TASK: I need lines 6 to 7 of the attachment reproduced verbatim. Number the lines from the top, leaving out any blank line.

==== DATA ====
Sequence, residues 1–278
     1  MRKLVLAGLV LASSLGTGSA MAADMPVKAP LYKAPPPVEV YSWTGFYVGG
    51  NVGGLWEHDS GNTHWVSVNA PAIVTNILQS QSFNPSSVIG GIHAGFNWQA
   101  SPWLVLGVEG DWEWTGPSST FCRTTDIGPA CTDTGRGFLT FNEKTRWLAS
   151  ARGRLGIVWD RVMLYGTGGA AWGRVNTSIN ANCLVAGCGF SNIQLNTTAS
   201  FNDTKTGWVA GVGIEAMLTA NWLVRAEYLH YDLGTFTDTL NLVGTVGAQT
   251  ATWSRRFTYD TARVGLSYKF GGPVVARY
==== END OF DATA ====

   201  FNDTKTGWVA GVGIEAMLTA NWLVRAEYLH YDLGTFTDTL NLVGTVGAQT
   251  ATWSRRFTYD TARVGLSYKF GGPVVARY